Evidence for complement activation in the amniotic fluid of women with spontaneous preterm labor and intra-amniotic infection Academic Article uri icon

abstract

  • The complement system plays an important role in host defense against infection. Concentrations of complement split products or anaphylatoxins (C3a, C4a, and C5a) in biological fluids are considered to reflect complement activation. The purpose of this study was to determine if term and preterm parturition are associated with evidence of complement activation in the amniotic fluid. Amniotic fluid (AF) samples were collected from 270 women in the following groups: (1) normal pregnant women in midtrimester (n = 70), (2) term not in labor (n = 23), (3) term in labor (n = 48), and (4) preterm labor (PTL) (n = 129). PTL was categorized into: (a) PTL without microbial invasion of the amniotic cavity (MIAC) who delivered at term (n = 42), (b) PTL who delivered preterm without MIAC (n = 57), and (c) PTL with MIAC (n = 30). C5a, C4a, and C3a concentrations in amniotic fluid were determined by ELISA. Nonparametric tests were used for statistical analysis. (1) The median AF C5a concentration was higher in women at term than that of those in the midtrimester (p = 0.02); (2) Spontaneous labor at term was not associated with changes in AF concentrations of anaphylatoxins C3a, C4a, and C5a (all p > 0.05); (3) Among patients with PTL who delivered preterm, those with MIAC had higher AF C4a and C5a concentrations than those without infection (p < 0.01); and (4) AF C3a, C4a, and C5a concentrations were higher in patients with PTL with MIAC than in those with PTL without MIAC who delivered at term. Patients with spontaneous preterm labor and intact membranes with microbial invasion of the amniotic cavity had higher median amniotic fluid concentration of complement split products C3a, C4a, and C5a than patients without intra-amniotic infection. These findings suggest that preterm labor in the context of infection is associated with activation of the complement system.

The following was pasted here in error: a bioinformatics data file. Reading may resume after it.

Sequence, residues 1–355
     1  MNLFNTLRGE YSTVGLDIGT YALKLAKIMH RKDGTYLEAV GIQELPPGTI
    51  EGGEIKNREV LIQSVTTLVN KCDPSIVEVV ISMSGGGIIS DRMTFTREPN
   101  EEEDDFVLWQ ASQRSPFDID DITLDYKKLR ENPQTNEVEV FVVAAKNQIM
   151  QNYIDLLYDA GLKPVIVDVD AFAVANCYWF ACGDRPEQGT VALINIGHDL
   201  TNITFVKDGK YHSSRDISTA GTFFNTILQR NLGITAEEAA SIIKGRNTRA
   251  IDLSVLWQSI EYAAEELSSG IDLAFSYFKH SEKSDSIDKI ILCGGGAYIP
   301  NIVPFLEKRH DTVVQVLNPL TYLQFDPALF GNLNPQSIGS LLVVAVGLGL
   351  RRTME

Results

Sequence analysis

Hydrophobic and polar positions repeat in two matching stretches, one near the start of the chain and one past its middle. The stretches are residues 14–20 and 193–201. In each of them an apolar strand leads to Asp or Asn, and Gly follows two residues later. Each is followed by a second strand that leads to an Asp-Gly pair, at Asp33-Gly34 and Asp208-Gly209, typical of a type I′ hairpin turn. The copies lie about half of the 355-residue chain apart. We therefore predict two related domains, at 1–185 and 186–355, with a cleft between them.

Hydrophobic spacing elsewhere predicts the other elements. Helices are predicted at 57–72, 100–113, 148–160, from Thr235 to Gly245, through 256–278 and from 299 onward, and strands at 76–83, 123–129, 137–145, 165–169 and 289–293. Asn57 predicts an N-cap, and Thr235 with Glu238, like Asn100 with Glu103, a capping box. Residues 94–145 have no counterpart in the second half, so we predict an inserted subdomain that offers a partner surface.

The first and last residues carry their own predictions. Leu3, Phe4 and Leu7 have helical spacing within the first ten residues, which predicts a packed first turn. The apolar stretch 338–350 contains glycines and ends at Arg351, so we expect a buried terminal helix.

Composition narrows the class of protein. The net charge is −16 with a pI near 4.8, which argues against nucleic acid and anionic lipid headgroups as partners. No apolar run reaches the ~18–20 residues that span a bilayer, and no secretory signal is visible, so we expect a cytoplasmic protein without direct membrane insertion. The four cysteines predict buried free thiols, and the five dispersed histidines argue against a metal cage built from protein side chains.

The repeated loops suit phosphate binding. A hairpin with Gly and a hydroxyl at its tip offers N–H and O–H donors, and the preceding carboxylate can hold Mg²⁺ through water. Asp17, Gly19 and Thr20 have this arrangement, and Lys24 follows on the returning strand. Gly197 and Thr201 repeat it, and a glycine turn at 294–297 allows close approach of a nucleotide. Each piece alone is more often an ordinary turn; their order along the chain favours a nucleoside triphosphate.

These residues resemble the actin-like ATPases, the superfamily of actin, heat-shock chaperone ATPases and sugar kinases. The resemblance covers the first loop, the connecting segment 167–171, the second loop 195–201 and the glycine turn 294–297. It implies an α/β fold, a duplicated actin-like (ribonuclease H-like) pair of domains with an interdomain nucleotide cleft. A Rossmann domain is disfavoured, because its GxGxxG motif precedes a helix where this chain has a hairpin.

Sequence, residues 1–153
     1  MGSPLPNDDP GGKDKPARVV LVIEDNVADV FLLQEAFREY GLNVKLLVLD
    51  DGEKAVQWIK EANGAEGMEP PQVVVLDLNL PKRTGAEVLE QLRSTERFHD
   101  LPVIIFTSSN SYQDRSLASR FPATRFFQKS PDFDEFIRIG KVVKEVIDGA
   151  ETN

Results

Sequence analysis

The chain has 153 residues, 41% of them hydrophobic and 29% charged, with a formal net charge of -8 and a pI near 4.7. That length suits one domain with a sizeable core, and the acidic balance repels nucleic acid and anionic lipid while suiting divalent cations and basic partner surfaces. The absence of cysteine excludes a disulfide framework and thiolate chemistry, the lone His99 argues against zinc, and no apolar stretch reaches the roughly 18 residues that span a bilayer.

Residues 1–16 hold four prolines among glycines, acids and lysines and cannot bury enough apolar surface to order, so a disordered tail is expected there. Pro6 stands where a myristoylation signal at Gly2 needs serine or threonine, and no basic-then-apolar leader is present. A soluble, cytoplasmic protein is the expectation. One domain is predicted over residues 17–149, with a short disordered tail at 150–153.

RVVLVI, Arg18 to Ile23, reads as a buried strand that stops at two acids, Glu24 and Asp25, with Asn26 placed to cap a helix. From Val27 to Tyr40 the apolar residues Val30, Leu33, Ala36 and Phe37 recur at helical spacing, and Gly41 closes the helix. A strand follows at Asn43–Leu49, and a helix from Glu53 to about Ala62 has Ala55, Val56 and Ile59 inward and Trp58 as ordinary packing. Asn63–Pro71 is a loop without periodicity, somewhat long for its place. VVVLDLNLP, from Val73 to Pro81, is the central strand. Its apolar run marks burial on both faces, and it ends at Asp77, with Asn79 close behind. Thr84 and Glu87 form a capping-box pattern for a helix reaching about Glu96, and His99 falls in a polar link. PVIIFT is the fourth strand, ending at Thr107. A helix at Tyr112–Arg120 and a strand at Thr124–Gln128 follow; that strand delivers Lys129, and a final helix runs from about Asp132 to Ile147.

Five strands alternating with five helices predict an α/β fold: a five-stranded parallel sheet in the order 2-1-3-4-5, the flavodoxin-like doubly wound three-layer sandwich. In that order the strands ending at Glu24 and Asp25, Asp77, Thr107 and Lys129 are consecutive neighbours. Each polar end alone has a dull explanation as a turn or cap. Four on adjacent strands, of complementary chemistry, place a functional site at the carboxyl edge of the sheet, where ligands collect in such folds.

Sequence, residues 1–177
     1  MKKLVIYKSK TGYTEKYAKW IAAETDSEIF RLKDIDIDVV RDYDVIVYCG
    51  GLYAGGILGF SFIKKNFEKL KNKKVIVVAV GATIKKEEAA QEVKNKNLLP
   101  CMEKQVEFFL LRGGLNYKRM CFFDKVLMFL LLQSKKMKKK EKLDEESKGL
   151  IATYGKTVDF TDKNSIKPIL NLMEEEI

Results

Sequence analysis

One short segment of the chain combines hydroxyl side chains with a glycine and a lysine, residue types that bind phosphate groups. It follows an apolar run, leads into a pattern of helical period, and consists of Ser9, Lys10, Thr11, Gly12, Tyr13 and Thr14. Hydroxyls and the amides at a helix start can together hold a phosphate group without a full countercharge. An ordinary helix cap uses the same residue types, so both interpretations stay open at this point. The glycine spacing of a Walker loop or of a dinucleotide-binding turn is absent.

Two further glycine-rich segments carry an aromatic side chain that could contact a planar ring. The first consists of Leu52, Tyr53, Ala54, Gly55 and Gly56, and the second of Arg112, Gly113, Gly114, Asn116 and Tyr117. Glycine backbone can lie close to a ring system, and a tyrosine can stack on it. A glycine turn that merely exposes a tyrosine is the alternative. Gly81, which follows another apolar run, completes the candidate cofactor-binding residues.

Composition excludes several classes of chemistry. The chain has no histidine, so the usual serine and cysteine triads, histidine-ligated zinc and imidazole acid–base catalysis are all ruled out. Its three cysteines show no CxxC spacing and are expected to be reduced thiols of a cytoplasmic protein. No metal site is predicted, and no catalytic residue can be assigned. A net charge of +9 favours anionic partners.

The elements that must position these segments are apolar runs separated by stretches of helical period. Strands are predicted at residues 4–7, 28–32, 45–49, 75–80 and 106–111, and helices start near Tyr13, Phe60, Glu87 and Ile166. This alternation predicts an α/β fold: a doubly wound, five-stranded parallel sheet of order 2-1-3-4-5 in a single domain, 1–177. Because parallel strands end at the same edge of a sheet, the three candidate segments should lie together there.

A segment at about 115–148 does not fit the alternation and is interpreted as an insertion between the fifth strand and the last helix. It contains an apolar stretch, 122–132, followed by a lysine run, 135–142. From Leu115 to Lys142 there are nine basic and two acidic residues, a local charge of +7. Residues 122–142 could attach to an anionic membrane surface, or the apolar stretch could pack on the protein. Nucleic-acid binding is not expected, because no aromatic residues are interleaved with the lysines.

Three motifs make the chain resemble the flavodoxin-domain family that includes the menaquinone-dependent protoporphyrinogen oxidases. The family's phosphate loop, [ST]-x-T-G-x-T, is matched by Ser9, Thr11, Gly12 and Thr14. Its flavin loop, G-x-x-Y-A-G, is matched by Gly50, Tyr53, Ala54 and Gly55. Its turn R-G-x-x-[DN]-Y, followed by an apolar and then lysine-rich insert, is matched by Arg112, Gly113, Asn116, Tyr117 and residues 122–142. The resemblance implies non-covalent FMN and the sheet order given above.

publication date

  • January 1, 2009